The rights of fathers

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The fact that a militant fathers' group has staged some dangerous and disruptive stunts, capped by this week's highly irresponsible breach of Commons security, does not mean that fathers are wrong to agitate for more rights. This country has experienced a great deal of social change since the divorce laws were liberalised more than 30 years ago, yet the strong predisposition of courts to give mothers care of the children endures.

The fact that a militant fathers' group has staged some dangerous and disruptive stunts, capped by this week's highly irresponsible breach of Commons security, does not mean that fathers are wrong to agitate for more rights. This country has experienced a great deal of social change since the divorce laws were liberalised more than 30 years ago, yet the strong predisposition of courts to give mothers care of the children endures.

It is likely that children will have spent more time in the care of their mothers before the break-up of the partnership than they spent with their fathers. Such is the reality of family life, even in this age of two-earner couples, equal rights and separate taxation. When this is so, and in the absence of evidence that the mother is negligent, custody will inevitably be granted almost automatically to the mother. The value of continuity in a child's life is not to be scorned.

Where the courts seem not to have caught up with 21st-century reality is in recognising the role now played by many fathers in the lives of their children. This may have come about partly by necessity, because so many more women work, but also because many men want to be more involved with their children than their own fathers were.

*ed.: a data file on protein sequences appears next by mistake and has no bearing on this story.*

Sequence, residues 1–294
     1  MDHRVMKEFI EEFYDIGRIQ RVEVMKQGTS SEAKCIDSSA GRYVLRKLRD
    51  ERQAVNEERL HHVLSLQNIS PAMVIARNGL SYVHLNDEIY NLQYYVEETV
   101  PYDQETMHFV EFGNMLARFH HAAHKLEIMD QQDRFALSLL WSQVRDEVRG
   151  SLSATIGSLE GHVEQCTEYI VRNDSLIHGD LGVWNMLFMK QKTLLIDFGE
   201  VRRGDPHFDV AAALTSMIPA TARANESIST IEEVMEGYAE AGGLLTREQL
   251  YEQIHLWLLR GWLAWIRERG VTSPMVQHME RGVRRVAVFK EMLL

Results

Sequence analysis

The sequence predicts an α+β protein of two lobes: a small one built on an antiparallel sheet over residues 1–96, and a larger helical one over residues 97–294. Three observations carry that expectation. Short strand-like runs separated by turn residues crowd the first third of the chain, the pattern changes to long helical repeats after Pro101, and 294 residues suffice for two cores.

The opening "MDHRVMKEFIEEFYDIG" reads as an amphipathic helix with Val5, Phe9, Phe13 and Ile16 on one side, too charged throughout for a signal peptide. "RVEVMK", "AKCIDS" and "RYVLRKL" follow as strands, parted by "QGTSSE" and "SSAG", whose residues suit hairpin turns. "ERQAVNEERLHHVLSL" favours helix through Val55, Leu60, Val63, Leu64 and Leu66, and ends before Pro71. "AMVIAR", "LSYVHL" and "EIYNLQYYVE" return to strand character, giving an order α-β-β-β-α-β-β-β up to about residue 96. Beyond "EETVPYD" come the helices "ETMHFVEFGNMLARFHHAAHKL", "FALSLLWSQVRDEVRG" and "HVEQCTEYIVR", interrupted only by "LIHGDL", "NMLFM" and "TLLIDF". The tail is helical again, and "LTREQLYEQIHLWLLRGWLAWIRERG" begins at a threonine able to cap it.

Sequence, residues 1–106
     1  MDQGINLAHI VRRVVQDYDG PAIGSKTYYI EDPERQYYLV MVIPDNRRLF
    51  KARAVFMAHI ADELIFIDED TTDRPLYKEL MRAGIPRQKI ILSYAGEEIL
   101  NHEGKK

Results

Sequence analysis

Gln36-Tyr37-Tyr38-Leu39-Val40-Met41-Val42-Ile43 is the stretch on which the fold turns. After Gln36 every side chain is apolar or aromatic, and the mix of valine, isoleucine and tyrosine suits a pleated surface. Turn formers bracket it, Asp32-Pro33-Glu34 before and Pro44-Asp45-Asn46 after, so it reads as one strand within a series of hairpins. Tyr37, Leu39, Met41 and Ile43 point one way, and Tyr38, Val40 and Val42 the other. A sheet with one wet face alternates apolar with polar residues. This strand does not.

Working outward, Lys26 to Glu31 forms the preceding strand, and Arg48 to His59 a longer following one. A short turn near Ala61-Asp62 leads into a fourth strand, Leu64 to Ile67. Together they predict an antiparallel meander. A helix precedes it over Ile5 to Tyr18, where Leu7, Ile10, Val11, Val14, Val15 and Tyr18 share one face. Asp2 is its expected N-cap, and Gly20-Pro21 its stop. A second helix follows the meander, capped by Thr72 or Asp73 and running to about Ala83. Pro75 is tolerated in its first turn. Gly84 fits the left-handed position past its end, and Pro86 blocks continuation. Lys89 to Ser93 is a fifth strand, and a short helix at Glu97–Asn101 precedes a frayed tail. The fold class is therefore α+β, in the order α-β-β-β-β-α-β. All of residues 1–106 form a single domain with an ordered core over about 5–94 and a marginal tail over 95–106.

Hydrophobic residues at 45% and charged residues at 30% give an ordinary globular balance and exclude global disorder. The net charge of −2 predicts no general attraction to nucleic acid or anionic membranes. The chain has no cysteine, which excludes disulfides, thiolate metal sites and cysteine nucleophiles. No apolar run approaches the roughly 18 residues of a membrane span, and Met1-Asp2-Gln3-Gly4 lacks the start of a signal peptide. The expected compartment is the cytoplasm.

Nor can the impact of maintenance orders be left out of account. There was a time when a divorcing father was required to pay alimony to his ex-wife and relatively modest sums in maintenance. More likely now is the surrender of the family house and higher maintenance. While this change has helped redress what was often a financial bias against mothers and children, many fathers feel that a social bias remains - in the assumption that the father pays and the mother has exclusive responsibility for the children.

The base stratagems used by warring spouses are well chronicled, and men can be as effective as women in using a child as a weapon. But custody bestows an advantage. And as maintenance payments have risen and become harder to evade, some fathers understandably ask why they should be paying for the upkeep of children they rarely see. Making maintenance payments dependent on the custodial parent granting access may be too crude a principle. But courts and mediators should surely start from the assumption that both parents have a responsibility to their children and that neither should be shut out of their lives without very good reason.

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